|1 April 2016|

Edinburgh

Young pioneering girls studying at schools from across Scotland’s capital have created an app to enhance the city’s tourist experience.

As part of a project to get more women into digital careers 36 girls from seven schools in Edinburgh created an historical guide app to build on the wonderful range of services available to tourists visiting this stunning city.

The S3 girls (13/14 years) created the app over three days to experience the life of a working technology professional with the aim of inspiring their interest in digital career options.

The project was run by Edinburgh College in partnership with Historic Environment Scotland and local tech firm Global Treasure Apps as part of the national Girls into Digital scheme. Girls into Digital has been set up to encourage more women to enter digital careers which is a growth area in Scotland with many job opportunities.

The girls were tasked with creating an interactive treasure hunt app to give tourists further insight into Trinity House Maritime Museum in Leith. Over the course of the three days the girls received training in digital skills, went on information gathering visits and were supported to develop the app themselves. The app includes trails which offer location-based multi-choice questions that take you on a tour around a city or attraction leading to a reward at the end. For example, you can go into an attraction’s giftshop to claim a money-off voucher or reward badge.

Lorna Ewan, Head of Visitor Experience, Content and Learning at Historic Environment Scotland, said: “We’re pleased to have supported this innovative project. The pupils’ research into Trinity House’s history and its fascinating collection enabled them to design and create this new app. It will also allow visitors to explore and discover more about this treasure house of artefacts as well as Edinburgh’s rich maritime history and heritage in a new and engaging way. It’s also fitting that this initiative has taken place in Scotland’s Year of Innovation, Architecture and Design.”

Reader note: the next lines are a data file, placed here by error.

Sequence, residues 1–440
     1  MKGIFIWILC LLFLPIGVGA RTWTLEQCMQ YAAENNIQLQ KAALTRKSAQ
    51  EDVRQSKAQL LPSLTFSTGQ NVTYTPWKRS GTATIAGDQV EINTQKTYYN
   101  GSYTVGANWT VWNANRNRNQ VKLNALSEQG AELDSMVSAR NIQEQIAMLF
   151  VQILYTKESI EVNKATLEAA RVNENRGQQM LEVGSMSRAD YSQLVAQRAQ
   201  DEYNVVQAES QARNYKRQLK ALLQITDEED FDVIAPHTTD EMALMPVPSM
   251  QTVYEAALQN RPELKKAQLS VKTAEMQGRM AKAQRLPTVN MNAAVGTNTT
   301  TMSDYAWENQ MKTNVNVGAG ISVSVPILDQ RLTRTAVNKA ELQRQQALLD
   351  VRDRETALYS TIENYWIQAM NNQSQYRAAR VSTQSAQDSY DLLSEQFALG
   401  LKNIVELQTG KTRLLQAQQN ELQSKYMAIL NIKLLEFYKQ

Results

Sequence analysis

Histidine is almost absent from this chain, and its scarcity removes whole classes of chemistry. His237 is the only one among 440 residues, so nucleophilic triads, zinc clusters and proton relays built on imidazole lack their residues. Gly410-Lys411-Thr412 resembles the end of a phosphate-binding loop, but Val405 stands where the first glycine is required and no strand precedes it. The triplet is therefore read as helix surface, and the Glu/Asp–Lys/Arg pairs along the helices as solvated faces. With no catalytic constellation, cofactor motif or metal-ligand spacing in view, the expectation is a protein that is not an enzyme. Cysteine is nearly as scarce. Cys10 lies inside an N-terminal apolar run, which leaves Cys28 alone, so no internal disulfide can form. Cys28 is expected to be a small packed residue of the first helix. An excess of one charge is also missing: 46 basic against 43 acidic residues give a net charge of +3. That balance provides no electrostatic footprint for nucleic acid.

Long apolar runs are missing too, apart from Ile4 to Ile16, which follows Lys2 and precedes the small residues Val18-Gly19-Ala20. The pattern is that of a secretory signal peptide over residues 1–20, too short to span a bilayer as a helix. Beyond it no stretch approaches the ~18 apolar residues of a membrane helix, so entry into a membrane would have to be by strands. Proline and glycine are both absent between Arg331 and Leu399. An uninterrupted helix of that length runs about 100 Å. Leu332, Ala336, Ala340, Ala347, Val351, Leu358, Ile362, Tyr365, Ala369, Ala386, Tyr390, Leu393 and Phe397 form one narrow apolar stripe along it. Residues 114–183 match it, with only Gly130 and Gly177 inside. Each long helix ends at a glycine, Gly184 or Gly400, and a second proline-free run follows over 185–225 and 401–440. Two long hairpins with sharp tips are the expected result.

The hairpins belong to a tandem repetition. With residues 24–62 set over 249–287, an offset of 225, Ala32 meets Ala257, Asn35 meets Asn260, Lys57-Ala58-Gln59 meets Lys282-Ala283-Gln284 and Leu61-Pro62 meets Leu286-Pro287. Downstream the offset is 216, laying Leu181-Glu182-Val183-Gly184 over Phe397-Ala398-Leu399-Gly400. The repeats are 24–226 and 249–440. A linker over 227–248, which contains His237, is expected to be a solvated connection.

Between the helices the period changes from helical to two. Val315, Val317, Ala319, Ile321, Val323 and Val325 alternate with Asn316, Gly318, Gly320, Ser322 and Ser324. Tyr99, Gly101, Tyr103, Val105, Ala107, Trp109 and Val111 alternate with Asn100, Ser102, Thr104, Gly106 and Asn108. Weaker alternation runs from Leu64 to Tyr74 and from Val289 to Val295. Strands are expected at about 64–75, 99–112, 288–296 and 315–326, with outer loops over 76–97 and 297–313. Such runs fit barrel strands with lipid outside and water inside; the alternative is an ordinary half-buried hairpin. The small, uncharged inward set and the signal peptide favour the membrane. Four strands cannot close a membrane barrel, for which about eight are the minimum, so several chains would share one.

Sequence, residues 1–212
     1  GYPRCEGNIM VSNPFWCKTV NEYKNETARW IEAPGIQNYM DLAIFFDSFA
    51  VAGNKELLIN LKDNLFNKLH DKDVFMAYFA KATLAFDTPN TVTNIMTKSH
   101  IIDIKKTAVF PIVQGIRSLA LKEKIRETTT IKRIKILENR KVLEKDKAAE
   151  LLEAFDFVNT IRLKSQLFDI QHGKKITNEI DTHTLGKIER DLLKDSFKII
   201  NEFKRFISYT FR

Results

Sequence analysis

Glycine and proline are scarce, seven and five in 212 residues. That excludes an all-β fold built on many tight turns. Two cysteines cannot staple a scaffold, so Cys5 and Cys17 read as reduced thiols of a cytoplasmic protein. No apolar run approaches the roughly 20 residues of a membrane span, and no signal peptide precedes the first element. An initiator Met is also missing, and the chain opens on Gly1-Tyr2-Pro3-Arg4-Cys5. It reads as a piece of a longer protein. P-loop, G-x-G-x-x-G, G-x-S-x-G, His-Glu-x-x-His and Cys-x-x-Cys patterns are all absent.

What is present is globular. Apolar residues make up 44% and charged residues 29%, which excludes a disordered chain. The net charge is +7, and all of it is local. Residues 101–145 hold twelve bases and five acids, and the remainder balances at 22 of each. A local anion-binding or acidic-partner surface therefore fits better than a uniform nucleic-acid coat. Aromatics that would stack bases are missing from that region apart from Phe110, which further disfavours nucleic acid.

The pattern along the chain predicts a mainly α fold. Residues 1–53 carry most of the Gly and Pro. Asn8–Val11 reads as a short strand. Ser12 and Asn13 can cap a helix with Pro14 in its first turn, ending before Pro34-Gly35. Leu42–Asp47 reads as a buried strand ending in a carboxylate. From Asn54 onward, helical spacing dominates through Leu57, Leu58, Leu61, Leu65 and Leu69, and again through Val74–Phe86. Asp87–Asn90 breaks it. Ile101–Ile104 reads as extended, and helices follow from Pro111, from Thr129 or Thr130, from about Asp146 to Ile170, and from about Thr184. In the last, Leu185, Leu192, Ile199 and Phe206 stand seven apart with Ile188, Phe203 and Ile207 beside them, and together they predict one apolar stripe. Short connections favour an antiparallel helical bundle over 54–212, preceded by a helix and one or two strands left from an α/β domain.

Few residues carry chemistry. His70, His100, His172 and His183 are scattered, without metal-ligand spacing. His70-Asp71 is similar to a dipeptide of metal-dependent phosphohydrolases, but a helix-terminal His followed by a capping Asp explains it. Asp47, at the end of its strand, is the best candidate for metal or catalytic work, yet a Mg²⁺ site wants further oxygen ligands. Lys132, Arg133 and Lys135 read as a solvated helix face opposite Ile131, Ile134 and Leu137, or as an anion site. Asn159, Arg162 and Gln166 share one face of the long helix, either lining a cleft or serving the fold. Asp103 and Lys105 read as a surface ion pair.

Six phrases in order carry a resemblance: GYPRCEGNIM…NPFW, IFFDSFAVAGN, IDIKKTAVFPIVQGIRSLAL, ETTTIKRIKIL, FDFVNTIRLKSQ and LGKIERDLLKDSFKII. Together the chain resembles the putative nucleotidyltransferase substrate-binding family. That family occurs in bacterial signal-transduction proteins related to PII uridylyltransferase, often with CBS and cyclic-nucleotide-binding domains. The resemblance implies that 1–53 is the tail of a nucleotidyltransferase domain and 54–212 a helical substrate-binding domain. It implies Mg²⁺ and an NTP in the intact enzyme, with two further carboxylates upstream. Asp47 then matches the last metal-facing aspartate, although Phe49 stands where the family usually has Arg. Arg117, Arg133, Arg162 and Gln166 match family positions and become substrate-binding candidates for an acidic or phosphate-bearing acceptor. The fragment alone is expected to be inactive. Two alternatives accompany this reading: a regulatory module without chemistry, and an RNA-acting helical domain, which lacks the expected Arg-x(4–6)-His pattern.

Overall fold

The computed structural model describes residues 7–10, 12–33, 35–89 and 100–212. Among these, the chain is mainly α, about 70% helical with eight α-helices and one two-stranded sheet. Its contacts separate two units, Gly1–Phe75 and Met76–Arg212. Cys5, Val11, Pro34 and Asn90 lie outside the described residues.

Game based learning on location is a billion pound per year industry and growing at 10% per annum. The skills these young women learnt are the types they will need when starting to look for work in fast-paced digital technology industries.

Business Development Executive at Creative Exchange Madeleine Brown said: As an award-winning digital entrepreneur Frances O’Neill and her all-women team at Global Treasure Apps are the perfect role models who show that digital is not just for men. The girls were interested to learn that digital careers can be challenging, creative and rewarding – and fun. Learning how to code at school is a great way to make a start and demystifying code can show that anybody can learn the basics.”

Principal Annette Bruton said: “The development of this app and successful partnership working provided these girls with a fantastic opportunity to experience a day in the life of a technology professional and I think this initiative clearly demonstrated to the next generation of young women that a career in digital technology is one they can identify with and see as a serious option in the future.”

Girls into Digital is an initiative by Skills Development Scotland with partners Microsoft Scotland, Standard Life, Edinburgh College and Heriot Watt University to inspire and engage girls to take up digital careers.

Edinburgh College, in partnership with Skills Development Scotland and industry partners are working together to better understand the barriers to women in pursuing digital careers and are jointly looking to develop interventions which aims to address the gender imbalance in the technology sector in the future.